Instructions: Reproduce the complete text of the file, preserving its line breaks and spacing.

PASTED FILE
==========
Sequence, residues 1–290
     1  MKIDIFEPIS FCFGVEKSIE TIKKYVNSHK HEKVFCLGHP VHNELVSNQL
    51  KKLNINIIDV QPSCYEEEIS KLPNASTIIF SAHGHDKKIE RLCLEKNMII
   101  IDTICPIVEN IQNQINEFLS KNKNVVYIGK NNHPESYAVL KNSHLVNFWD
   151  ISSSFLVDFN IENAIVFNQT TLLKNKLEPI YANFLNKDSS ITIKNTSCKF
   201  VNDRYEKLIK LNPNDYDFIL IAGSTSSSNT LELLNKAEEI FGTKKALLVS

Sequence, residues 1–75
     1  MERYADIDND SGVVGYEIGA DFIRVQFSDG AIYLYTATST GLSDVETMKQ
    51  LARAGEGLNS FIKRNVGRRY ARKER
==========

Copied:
Sequence, residues 1–290
     1  MKIDIFEPIS FCFGVEKSIE TIKKYVNSHK HEKVFCLGHP VHNELVSNQL
    51  KKLNINIIDV QPSCYEEEIS KLPNASTIIF SAHGHDKKIE RLCLEKNMII
   101  IDTICPIVEN IQNQINEFLS KNKNVVYIGK NNHPESYAVL KNSHLVNFWD
   151  ISSSFLVDFN IENAIVFNQT TLLKNKLEPI YANFLNKDSS ITIKNTSCKF
   201  VNDRYEKLIK LNPNDYDFIL IAGSTSSSNT LELLNKAEEI FGTKKALLVS

Sequence, residues 1–75
     1  MERYADIDND SGVVGYEIGA DFIRVQFSDG AIYLYTATST GLSDVETMKQ
    51  LARAGEGLNS FIKRNVGRRY ARKER